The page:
It doesn't exactly have the screaming headline potential of an O.J. or Bernardo trial. But the G-7 summit in Halifax this weekend is a pretty big deal in financial circles. World leaders are once again sitting down, trying to ponder the imponderable and fix the global economy.
The American and Japanese were determined not to air too much of their current auto squabble at the summit. But topics - public and private - include everything from the IMF to the World Bank to the sagging political fortunes of a number of the leaders attending. Our own Prime Minister, basking in some of the highest opinion polls of any leader anywhere, is as photogenic and enigmatic as ever.
We've sent a team of our most experienced journalists to cover the event: Ottawa bureau chief Al Toulin, economics reporters Bud Jorgensen and Greg Ip and editor-at-large Neville Nankivell. The incorrigible Alan Fotheringham is also along to provide his usual curmudgeonly perspective.
Covering world summits is both frustrating and exhilarating. There are over 2,000 journalists registered at this particular event. That means 2,000 hungry, experienced journalists all fighting for something - anything - different than their competitor's story. A scoop du jour is almost impossible.
Being part of a media pack of 2,000 means being mired in a blitz of endless press releases from the well-oiled media machines accompanying each leader. Making sense of it all is a tough assignment.
But Greg Ip, who's been a mainstay of our economic coverage in Toronto for the past couple of years, is going direct from Halifax to an even tougher assignment. He's about to take over the posting as FP's Washington bureau chief. Jokes about the crime rate aside, Washington is a dream assignment for a foreign journalist. It's front-row centre on the world's most important economy.
Greg's three-year stint in Washington will put him smack dab in the middle of the momentous American tilt to the right, the next presidential election and who knows what dramas across the American corporate landscape.
We feel it's important to have our own people in place in key cities rather than pick up wire-service stories. Greg and the others in our bureau network are trained financial journalists, who hunt specifically for stories of interest to FP readers.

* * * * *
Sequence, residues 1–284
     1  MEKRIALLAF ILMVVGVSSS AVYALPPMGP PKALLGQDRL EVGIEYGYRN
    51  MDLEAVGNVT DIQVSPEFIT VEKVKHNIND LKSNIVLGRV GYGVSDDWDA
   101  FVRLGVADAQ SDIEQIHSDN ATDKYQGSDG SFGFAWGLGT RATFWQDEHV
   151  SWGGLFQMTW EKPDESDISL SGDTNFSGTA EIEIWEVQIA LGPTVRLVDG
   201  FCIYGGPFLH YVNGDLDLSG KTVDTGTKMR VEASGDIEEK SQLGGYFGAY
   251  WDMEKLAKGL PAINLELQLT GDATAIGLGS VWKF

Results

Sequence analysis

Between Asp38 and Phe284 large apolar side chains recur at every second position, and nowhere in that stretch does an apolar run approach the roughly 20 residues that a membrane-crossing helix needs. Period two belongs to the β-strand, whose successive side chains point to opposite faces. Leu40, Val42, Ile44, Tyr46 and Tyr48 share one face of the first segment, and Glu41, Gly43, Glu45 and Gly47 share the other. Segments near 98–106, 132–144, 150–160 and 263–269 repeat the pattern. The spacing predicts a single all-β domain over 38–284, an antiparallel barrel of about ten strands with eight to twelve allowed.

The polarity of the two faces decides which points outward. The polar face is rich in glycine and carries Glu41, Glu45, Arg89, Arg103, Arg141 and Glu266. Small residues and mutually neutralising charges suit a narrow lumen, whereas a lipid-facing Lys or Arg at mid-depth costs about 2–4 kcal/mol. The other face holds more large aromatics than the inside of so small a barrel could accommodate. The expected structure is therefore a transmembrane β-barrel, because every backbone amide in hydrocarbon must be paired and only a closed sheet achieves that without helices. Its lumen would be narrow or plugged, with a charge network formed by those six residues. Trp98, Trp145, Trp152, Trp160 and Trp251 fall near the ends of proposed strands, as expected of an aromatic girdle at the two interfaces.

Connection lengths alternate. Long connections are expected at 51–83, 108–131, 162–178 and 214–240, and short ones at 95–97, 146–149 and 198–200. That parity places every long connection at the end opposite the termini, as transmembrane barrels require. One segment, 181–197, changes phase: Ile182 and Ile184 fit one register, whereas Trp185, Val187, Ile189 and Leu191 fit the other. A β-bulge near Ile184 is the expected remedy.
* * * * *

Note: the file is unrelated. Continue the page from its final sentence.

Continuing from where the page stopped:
We're headquartered in Toronto. It's true that computers, phones and faxes can take us anywhere. But there's no real electronic replacement for having people actually in ''the field'' (where ever it might be), reporting and writing. It's uneconomic to have reporters everywhere but our Toronto-based staff is increasingly travelling to get stories. And we're in the midst of beefing up our bureau resources.
Keith Damsell, an aggressive young reporter, is moving to our Vancouver bureau next month. He'll be joining veteran financial journalist John Schreiner in keeping an eye on B.C. business. They'll concentrate not just on the business establishment, but also on all the hot new B.C. companies.
A bureau assignment is a mixed blessing. (I should know, I spent about a decade in bureaus across North America and Asia.) Being away from headquarters means, in a sense, news is what you say it is. On the other hand, it's sometimes hard to get those idiots back in headquarters to understand the nuances of your big story.
Seriously, a bureau assignment is a chance for a journalist to shine. In the case of a financial journalist it's an opportunity to deliver thoughtful economic analysis as well as breaking corporate coverage.
Watch for the bylines of our two newest bureau members.
(Ed. note) Maryanne McNellis is the Editorial Director of The Financial Post.
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